COLUSA, Calif. — John Ashbaugh readily admits that running a large mushroom company is a huge leap from his previous job — as an electrical engineer in the Silicon Valley.

“I grew up Rockwell City, Iowa, where my father was a large animal veterinarian so I was exposed to the farming community,” he said. “I got my degree from Iowa State and spent 20 years working in hardware and software in the San Francisco Bay Area before locating to Northern California with my family.”

Premier Mushrooms Inc. in Colusa started as an investment in 2007 with Ashbaugh involved with the daily operations.

“Although seemingly mushrooms will grow anywhere, they are an extremely sensitive product to grow consistent quality and yields,” he said. “Mushrooms are grown in environmentally controlled dark rooms and are very sensitive to temperature, humidity and carbon dioxide. These parameters change during the eight-week growing cycle.”

The soil is referred to as mushroom substrate, made from wheat straw, chicken litter, cottonseed meal and gypsum. Chicken litter and cottonseed meal provide nitrogen and the gypsum is used to adjust the acidity. The mixture is composted over 15 days, resulting in conditions that are specific to growing mycelium and not any other molds or fungus.

The company began 9 years ago with 16 growing rooms producing 60,000 pounds of mushrooms per week and now has 64 rooms producing 300,000 pounds per week.

The company currently grows agaricus, white button and cremini mushrooms. Portabella is a large version of the cremini that is allowed to grow for an additional two days.

“We sell mostly to local retail stores and food service companies in California,” Ashbaugh said. “We have been on the Inc. Magazine’s fastest-growing companies list four out of the last five years. Locally grown and healthier eating choices are attributed to the growth of the market.”

There are some issues sprouting with the state’s mushroom industry.

“The fresh market mushroom industry is very labor-intensive; every mushroom is picked by hand,” he said. “Because all wages are relative to the minimum wage, the changes in California labor laws for minimum wage and agriculture overtime will be the biggest challenge in the coming years. Imports from other states and countries (Canada and Mexico) with lower cost structures are a concern.”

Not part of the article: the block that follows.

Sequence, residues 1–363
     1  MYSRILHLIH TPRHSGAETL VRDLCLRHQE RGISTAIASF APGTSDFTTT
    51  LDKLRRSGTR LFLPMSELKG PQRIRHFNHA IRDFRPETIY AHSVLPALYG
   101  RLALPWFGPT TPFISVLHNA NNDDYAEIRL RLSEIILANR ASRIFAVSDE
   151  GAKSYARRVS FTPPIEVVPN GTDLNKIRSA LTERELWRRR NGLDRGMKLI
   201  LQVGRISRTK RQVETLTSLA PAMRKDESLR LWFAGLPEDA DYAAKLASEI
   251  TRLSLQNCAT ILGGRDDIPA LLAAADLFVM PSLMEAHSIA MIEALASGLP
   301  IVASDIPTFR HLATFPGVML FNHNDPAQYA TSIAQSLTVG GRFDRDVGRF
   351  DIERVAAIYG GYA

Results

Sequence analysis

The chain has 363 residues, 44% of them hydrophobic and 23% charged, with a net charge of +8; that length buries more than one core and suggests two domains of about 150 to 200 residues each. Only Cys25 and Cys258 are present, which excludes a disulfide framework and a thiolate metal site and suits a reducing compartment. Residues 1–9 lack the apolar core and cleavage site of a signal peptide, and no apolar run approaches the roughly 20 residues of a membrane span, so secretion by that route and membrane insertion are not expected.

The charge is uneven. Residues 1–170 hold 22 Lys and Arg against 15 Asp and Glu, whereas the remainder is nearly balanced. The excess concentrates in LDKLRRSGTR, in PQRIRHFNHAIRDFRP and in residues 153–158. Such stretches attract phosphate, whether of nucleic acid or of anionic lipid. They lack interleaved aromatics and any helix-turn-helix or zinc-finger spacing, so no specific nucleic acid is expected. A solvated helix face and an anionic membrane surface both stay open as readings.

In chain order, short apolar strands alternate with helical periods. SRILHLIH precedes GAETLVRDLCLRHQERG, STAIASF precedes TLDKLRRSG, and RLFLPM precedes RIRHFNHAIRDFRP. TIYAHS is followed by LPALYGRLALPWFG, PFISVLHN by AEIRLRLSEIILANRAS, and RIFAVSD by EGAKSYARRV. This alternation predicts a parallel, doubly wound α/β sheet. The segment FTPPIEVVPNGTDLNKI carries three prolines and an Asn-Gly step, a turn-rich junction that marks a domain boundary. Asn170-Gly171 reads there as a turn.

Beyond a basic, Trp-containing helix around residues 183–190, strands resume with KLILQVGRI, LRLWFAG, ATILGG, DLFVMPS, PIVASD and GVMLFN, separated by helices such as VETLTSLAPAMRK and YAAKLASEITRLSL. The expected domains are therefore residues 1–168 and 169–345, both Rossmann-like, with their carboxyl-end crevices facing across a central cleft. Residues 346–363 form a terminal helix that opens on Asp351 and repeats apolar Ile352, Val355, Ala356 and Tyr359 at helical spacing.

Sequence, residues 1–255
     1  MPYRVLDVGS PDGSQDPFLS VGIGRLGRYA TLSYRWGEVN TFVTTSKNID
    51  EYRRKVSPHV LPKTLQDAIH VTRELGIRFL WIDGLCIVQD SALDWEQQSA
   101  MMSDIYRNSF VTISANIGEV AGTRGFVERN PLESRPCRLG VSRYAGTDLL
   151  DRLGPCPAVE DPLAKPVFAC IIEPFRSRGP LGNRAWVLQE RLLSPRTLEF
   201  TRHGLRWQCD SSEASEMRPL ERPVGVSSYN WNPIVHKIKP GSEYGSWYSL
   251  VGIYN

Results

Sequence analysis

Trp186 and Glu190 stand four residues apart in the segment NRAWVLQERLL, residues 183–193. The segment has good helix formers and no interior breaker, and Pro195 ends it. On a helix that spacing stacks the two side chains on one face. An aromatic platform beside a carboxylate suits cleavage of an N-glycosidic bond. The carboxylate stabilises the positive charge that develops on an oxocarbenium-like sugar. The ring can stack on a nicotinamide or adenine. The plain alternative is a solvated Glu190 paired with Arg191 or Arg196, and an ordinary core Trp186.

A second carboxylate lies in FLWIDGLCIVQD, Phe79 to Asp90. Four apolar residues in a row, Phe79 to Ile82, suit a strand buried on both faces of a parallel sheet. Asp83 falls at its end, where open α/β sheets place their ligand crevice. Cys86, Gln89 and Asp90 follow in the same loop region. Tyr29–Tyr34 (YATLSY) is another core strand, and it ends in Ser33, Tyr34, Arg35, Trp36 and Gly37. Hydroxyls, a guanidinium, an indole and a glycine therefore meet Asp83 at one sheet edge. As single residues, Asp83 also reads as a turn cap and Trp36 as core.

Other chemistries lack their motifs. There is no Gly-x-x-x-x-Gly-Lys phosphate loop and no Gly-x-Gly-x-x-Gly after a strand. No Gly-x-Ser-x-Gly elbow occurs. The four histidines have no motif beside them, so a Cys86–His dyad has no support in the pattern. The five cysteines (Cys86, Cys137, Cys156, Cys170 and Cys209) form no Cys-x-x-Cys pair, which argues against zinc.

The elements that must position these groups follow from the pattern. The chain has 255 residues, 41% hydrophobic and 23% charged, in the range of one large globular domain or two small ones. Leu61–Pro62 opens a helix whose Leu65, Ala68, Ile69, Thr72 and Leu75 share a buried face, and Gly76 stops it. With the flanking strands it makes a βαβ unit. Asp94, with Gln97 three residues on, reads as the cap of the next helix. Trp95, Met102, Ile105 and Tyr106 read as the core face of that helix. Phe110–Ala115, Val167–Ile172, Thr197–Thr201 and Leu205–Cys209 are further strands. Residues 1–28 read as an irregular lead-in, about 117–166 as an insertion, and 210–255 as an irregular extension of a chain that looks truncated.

Melodie Johnson, executive manager of the Colusa County Farm Bureau had praise for Ashbaugh’s contributions to the region’s agriculture.

“Premier Mushroom donates product to our annual fundraiser every year,” she said. “In addition, Mr. Ashbaugh provided guided tours for Colusa County Farm Bureau’s ‘Dirt Days.’”

These events include two full days of ag tours throughout the county to educate teachers about the food they eat and where it comes from.

The company also provides grants to local nonprofits, she said.

Ashbaugh stresses the company’s respect for the land and reducing its carbon footprint.

“Since we environmentally control our growing process, it is both capital- and energy-intensive,” he said. “About five years ago, we got serious about our sustainability program. Over that time we have reduced our energy usage by over 1.4 million kilowatt-hours and now produce about a third of our energy by burning walnut shells from the local area.

The company also has zero water discharge and sells biochar and spent compost to local farms as a soil amendment.

John Ashbaugh

Occupation: CEO, Premier Mushrooms

Location: Colusa, Calif.

Education: Bachelor of science in electrical engineering from Iowa State University

Quote: “It would be much more productive if everyone focused on reducing the waste of our natural resources versus debating the cause of global warning,”

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